Dane Wilson & Nevin Snow are the top US Men’s 49er team, winning the US Qualifier for the Tokyo 2020 Olympics. If you can, try to catch Dane & Nevin’s live interview on US Sailing’s Starboard Portal here at 4pm EST
We caught up with this Santa Barbara native just before his interview. Dane’s been spending a lot of his time in quarantine doing functional training and mountain biking at home. Lucky for us the trails were closed today because of the rain.
Give us the your skiff history: I started in Sabots. It was a small pond here. When I was 12 or so, I graduated to the Opti. Then went full time to get as good as I could. We were home schooled at the time, so I worked really hard.
I sailed lasers for one regatta. Did 420s for one regatta. It wasn’t really that fun. I got into the 29er and linked up with Willie McBride who helped a lot. My skiff sailing has
Started sailing with my brother Quinn and we did really well. We had same background a “it was really easy to sail with each other when we weren’t mad at each other”
Quinn has a very high standard and is very vocal about his opinion. For some people it’s polarizing. But if you have a strong belief he respects that and it builds a strong relationship.
Both of us being really competitive. We weren’t afraid to tell each other what we thought.
Sailing with your brother, how does that prepare you for being a good teammate?
I think it translates really well with Nevin because he’s competitive and intense. You need that intensity to do well in sailing. Sailing with a sibling is the hardest thing to do. Sailing with Nevin is easier.
You get out of sailing what you want. You want that intensity to push yourself. I wouldn’t change that with Nevin or Quinn. Embrace it and understand where it’s coming from, that’s where intensity become valuable.
How about some highlights: Quinn and I went to two youth worlds, we got 4th and 6th at Youth Worlds and 8th at Open Worlds in Aarhus in conditions that didn’t match our sailing style. We were light, and they were all heavy air event, so I’m really proud of those events.
Ireland was really shifty. Cyprus was choppy and windy. Aarhus was a mix of ever possible thing you can imagine. It was our first time we were in Gold Fleet, so a lot
Then tell me about your switch to kiting… I did two years of 49er skippering with Willie. It was great learning and more mature sailing relationship. I started to kite because it was cheaper and more accessible while in school. A great opportunity to train with Evan Heffernan and my brother Quinn.
What’s transferable between kiting and skiff racing? The skills come from thinking about stuff very quickly. Coming back to 49er, the boat feels slow, which is a good thing. The more high level you are in the kite, the faster things come at you. Kiting requires a lot of speed, so it’s less tactical and more speed based. Which isn’t to say it’s not tactical, just more emphasis. Sailing helps kiting more than kiting helps sailing.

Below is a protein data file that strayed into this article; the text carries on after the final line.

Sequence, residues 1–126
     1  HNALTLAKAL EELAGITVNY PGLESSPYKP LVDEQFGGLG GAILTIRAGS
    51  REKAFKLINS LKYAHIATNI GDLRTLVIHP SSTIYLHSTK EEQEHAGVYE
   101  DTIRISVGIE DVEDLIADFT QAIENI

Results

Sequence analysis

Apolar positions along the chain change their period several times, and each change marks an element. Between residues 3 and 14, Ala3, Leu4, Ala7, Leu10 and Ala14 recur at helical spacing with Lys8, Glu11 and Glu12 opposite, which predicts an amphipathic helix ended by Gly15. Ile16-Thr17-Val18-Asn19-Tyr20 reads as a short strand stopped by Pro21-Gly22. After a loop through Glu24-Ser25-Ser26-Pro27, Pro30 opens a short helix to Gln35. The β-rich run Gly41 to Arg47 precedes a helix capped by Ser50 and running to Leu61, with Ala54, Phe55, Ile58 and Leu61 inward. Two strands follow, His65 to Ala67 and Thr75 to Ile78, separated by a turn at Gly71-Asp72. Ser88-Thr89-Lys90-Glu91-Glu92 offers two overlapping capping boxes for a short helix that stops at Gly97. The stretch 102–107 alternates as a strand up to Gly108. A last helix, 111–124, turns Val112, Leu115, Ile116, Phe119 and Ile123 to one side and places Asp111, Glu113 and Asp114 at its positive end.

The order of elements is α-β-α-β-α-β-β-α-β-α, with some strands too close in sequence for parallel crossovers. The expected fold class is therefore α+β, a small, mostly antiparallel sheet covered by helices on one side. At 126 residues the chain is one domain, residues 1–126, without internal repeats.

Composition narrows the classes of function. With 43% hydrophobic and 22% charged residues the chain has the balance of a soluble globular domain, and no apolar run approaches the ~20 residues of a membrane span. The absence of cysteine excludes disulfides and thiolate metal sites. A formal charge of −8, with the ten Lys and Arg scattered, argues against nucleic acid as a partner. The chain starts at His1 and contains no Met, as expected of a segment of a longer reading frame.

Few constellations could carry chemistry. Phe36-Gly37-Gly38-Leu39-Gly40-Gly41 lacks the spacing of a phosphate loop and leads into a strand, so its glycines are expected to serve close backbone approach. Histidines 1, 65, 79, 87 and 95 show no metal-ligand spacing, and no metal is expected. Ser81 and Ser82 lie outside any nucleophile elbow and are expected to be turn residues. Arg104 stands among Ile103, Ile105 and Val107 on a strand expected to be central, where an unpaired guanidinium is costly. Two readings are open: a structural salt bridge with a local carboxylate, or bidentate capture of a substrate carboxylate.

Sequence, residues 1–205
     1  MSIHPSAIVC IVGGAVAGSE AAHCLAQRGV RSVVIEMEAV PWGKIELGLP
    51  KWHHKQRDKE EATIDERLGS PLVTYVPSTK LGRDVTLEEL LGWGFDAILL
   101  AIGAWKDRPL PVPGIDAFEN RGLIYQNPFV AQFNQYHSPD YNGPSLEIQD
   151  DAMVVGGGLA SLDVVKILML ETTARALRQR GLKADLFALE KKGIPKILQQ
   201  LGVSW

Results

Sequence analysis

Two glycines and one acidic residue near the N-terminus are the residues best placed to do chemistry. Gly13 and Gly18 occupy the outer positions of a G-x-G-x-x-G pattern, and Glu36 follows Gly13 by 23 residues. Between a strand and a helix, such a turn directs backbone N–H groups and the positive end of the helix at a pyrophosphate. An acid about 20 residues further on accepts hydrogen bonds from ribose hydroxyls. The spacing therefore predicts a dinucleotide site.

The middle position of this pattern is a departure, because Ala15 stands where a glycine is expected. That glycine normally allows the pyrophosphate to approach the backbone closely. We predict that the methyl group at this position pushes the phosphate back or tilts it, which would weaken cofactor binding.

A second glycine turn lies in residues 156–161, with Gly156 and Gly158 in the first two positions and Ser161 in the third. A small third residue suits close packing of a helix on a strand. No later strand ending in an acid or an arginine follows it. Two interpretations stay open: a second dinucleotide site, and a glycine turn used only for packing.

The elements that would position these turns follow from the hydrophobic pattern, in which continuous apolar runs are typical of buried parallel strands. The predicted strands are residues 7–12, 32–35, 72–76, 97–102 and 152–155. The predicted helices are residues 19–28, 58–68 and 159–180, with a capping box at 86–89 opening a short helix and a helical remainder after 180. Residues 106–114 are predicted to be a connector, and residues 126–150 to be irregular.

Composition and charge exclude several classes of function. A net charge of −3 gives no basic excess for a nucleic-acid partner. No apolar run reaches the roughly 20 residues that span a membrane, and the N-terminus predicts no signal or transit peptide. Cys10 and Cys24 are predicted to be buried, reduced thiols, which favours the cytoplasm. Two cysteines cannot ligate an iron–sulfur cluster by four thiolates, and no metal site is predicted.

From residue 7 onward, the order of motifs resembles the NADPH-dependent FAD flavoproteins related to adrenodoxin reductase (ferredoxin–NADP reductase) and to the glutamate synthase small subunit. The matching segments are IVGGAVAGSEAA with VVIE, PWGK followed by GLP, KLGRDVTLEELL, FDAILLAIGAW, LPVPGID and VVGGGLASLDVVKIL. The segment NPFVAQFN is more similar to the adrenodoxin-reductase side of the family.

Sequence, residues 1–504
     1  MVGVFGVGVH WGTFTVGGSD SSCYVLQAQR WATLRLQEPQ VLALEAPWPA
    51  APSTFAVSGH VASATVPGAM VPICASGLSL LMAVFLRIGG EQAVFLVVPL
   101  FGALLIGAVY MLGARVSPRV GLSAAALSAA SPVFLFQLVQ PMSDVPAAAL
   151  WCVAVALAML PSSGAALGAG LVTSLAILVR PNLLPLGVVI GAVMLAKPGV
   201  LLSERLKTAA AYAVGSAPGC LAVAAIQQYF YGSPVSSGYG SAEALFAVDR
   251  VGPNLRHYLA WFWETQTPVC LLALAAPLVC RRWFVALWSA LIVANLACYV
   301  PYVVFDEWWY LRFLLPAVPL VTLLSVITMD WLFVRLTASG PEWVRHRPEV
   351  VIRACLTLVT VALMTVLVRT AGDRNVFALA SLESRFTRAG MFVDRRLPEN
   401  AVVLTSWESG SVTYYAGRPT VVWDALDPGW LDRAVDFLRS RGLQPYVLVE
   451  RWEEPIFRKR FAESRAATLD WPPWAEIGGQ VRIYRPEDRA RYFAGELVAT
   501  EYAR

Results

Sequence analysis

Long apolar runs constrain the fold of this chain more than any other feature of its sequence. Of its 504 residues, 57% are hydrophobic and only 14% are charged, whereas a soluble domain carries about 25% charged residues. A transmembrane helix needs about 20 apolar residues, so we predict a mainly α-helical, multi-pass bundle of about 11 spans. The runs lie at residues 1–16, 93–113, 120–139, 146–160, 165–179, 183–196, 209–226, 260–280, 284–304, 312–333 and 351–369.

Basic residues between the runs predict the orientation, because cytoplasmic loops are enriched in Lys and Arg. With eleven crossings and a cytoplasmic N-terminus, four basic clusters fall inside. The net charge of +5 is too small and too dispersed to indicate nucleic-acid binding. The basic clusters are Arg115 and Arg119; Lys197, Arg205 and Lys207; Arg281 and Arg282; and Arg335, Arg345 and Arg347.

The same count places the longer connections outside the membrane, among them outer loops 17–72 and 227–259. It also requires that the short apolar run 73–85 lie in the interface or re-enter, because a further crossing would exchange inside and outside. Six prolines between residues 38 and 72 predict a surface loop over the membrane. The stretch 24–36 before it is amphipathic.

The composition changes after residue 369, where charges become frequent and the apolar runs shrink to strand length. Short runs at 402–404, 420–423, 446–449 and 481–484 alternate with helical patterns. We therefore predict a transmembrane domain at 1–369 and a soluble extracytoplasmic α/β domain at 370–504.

What makes a good kite foil racer? You have to be fast. You have to be in control at all times bc mistakes are huge.
What was it like getting back into the 49er – It was a weird transition because kiting is more about fun. It’s cheaper, you can get on a plane with all your stuff and be there. Sailing requires more time and a lot more work. But its rewarding working every day and building a base.
I really enjoyed going back to sailing. Back to my roots. Crewing was something new for me. It was a really steep learning curve. For Nevin and I, it was an aggressive learning experience. Where a lot of people get 2 – 3 years, we got 9 months. My background as a skipper helped, and Nevin being a really good sailor he know’s what he wants and it really helped.
Congrats to you and Nevin, what are some things you two were focused on leading up to the trials?
Thank you. It’s an interesting thing, because there’s a big difference between the New Zealand Worlds and Australia Worlds. In New Zealand it was our first Worlds together. We felt good, we did well in practice. We weren’t thinking about the regatta at all. We just sailed and didn’t make many mistakes, and it showed in results. Being our first gold fleet racing it showed our inexperience. And we had to learn quickly.
There wasn’t much time between the two events, only about two months?
I think we learned a lot quickly. Australia was different because our goals shifted to more results based. We had a good lead going into the event, we tried not to think about it but it creeps in.
What did you focus on off the water? – Mental prep was our biggest thing for me, coming back to competitive sense. You just try let everything go off your back. A bad race or frustration, just let that go. We do a good job at coming back from frustration.
I was doing a lot of meditation before both worlds so that no matter what happened we could keep moving forward.
What advice would you give your younger self — Keep trucking. Nothing comes overnight. Even after Nevin and I sailed a lot before we met. Success is not immediate.
You need to do the little things every single day. When you bite off too much that’s when you get in trouble. Just like racing. The bigger risks you take, that’s where you get in trouble. When you rely on what you know, and you stay in your game. That’s when you succeed.”